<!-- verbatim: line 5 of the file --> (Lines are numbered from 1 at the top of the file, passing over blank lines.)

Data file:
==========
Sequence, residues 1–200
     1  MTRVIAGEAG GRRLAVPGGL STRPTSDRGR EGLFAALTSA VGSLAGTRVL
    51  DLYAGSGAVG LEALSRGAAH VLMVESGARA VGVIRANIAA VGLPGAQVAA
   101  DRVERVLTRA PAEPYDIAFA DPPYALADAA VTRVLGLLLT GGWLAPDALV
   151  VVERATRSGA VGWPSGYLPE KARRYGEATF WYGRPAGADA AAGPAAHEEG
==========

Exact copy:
   151  VVERATRSGA VGWPSGYLPE KARRYGEATF WYGRPAGADA AAGPAAHEEG